The author insists that Christians must start to reject the compartmentalizing of their beliefs and develop a fully consistent worldview which affects all areas of their lives. I know exactly what Nancy means because I have long lamented the fact that many modern Christians seem to hold no sense of the need to form a Christian view of life affecting all areas and disciplines; could this be why so many modern evangelicals don't want to read the Old Testament? That is, because the Hebrew Bible is harder to fit into modern intellectual and cultural assumptions?

Some questions which this book forces us to note, then encourages us to confront (far too many to briefly summarize really but here are just a few):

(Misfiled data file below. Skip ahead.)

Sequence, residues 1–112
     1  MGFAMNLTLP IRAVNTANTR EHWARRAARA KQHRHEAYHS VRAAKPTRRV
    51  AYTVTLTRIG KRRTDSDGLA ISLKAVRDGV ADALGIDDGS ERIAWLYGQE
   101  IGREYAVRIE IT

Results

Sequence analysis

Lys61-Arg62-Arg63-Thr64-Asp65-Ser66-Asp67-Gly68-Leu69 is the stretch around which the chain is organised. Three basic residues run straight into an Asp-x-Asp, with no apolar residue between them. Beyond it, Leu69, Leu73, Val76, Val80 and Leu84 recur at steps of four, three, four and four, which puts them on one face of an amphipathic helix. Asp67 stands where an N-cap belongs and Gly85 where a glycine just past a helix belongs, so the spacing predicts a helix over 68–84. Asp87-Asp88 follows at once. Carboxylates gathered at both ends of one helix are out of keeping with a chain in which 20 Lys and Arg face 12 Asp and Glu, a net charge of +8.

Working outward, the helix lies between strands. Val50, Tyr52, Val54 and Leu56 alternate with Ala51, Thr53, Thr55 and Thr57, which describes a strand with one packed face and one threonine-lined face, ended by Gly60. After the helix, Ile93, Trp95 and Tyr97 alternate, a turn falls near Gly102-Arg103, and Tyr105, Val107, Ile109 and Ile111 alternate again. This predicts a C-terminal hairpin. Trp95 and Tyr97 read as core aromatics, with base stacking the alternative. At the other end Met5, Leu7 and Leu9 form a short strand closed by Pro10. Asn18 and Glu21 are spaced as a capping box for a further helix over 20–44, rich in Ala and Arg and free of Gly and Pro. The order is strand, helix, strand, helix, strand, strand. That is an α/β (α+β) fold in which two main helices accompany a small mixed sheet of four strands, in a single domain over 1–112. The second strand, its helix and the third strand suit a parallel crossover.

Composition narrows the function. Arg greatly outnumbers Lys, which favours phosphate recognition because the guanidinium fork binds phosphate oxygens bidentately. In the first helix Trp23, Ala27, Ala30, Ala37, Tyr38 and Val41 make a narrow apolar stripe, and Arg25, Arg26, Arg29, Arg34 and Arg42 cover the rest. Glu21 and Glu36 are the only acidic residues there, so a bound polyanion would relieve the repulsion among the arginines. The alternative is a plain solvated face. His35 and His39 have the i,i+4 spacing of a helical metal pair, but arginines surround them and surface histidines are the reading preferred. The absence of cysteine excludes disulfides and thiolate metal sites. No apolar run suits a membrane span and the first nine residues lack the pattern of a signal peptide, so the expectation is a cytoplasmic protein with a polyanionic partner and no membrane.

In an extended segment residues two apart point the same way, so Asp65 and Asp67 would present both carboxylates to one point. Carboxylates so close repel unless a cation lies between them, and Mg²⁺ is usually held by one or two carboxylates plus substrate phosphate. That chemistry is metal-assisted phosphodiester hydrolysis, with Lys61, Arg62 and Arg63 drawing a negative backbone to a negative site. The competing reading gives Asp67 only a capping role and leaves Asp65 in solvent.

'The Washer Woman' by Pierre-Auguste Renoir, 1891.

In her final 'True Spirituality and Christian Worldview' section, Nancy appeals to all to no longer attempt to do the Lord's work in a worldly way. This turns out to be an outstanding appeal which we should all take to heart. She appeals for a return to the principles of the theology of the cross and a recognition that we are called to suffer with Christ and to bear our cross daily rather than to seek fame and prestige and to employ worldly ways of "successful living" while professing that we are serving the Master. She also recalls seeing Richard Wurmbrand just after he came out of many years of imprisonment, served in Rumanian prisons - simply because he was a Christian pastor. This made me take special notice of her words since I too have been a great Wurmbrand admirer, though I never saw him in the flesh. Her point? Great spirituality is honed by suffering much more than by the "successful living" so encouraged in all too many "Christian ministries" today. As she writes,